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The Critical Steps a Woman Must Take Before Leaving an Abusive Partner

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Unfortunately, the volume is beginning to dial down a notch on the recently amplified conversation about violence against women. At its worst we were circulating a celebrity abuse elevator video that no one should have watched. At its best we were actively learning about women's journeys through the #whyIstayed and #whyIleft hashtags. But there was power in that amplified conversation and in the public actively considering that domestic violence is an epidemic in our communities.

Interval House, Canada's first shelter for abused women, has just made a move to reignite and steer that conversation in another direction by releasing an elevator video that is worth sharing. It calls for us all to take action to end the violence and aims for a world where we can help women create more alternate endings:

The video also aims for women to know that when they are ready to leave there are community agencies that are there to help.

There are many complex and valid reasons why women cannot or choose not to leave her abusive relationship. Blaming her or judging her will not end the abuse nor keep her safe. Supporting her and empowering her with information so that when she is ready to leave she can do so safely is key.

But, when a woman is ready to leave, how does she do that safely?

One of the most dangerous times for a woman facing abuse is when she chooses to leave the relationship. The act of leaving -- or even planning on leaving -- shifts the balance of power and control and can lead to escalating and serious violence. It's not as simple as deciding to "just leave".

A critical step for any woman who is considering leaving her abusive partner is safety planning. Safety planning is about identifying actions to increase her safety and the safety of her children and should be a top priority for all abused women, whether they plan on remaining in the home or leaving.

There are many actions that a woman facing abuse can take to increase her safety and the safety of her children including:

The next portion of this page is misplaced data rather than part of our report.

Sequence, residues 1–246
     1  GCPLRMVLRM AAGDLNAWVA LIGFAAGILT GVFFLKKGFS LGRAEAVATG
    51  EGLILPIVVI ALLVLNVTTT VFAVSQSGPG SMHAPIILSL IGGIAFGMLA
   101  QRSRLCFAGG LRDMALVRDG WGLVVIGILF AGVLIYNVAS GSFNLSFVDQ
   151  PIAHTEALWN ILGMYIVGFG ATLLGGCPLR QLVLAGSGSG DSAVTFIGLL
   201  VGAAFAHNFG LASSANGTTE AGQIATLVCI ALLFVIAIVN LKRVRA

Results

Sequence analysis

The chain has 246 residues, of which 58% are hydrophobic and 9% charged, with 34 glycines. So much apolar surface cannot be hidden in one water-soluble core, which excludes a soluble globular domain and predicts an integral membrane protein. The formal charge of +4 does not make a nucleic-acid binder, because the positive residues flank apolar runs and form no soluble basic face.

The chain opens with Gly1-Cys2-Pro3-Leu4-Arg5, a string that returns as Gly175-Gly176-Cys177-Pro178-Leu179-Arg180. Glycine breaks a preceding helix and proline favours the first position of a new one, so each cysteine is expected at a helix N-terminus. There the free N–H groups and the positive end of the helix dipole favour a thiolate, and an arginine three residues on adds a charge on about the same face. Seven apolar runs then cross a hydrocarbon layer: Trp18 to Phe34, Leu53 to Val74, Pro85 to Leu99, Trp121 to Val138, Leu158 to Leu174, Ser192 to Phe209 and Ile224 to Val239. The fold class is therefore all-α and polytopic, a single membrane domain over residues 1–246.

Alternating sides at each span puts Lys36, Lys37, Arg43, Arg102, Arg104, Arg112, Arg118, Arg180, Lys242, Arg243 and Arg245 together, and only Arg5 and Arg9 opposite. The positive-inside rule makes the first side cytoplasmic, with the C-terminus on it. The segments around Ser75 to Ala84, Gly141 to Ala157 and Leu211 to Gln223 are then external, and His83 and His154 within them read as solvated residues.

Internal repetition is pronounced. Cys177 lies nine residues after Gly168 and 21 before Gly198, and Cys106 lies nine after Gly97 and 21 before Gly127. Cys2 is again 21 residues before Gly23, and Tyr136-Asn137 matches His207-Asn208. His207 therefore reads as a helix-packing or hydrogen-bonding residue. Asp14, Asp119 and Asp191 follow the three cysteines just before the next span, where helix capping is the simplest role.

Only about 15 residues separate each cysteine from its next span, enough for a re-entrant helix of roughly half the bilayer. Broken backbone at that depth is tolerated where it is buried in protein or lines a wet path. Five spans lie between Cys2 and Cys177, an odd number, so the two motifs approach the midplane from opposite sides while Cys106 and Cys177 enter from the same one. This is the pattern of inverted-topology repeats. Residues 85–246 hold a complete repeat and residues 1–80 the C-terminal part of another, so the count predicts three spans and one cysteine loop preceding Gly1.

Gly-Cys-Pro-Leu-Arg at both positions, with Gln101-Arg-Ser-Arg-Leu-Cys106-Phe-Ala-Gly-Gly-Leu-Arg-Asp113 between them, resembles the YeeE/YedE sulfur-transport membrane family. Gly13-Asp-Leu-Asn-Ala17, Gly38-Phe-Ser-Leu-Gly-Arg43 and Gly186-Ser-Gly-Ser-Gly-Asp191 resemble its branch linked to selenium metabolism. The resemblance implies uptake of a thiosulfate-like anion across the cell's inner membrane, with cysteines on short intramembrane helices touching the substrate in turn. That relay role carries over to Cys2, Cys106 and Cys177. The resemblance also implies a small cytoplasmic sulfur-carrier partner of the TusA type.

• - Do not tell your partner you are thinking of leaving

  • - Telling someone you trust about the abuse

  • - Create a plan to get out of the home safely and practice that plan with the children. Teach children a code word that can be used when they need to seek help or escape the home.

  • - Hide your keys, cell phone and some money near an escape route.

  • - Have a list of phone numbers with you at all times to call in case of emergency (including the number for your local woman's shelter or crisis line) and teach your children how to call 911.

  • - Open a bank account in your name or in the name of a person you trust. Make sure bank statements are not mailed to your home.

  • - Have an emergency suitcase packed, if possible and keep it hidden in an easy to access place or at a trusted friend's house. Items to remember include:

  • - Clothing for you and your children

  • - An extra set of house keys and car keys

  • - Special toys and comforts for your children

  • - Valuable documents: passports, birth certificates, marriage certificates, immigration papers, health cards, SIN cards, bank books and bank cards.

  • - Prescription medicines for you and your

  • - Documents that prove you have been living at the same address as your partner.

  • - If an argument starts to happen, move to space with easy access to the outdoors. Don't go to a room where there is access to potential weapons (kitchen, workshop)
  • If you are a friend or family member of a woman living with abuse the best thing you can do is to believe her, offer her non-judgemental support and a listening ear and to help her connect with her local women's shelter or similar community agency. Most of all always put her safety first. Never talk about the abuse in front of her abuser and unless she specifically asks for it, never give her materials about domestic abuse or leave information through voice messages or emails that might be discovered by her abuser.

    If someone is in immediate danger, call 911 or the emergency number in your community. If you feel you can't call the police, call your local crisis centre or local shelter. You can find numbers at the front of your phone book and have a confidential talk with an emergency counsellor. In Toronto you can call the Assaulted Women's Helpline at 416-863-0511 or Interval House at 416-924-1491.

    We must keep this conversation going if we want to create more alternate endings and help women to find ways to move from #whyIstayed to #whyIleft.

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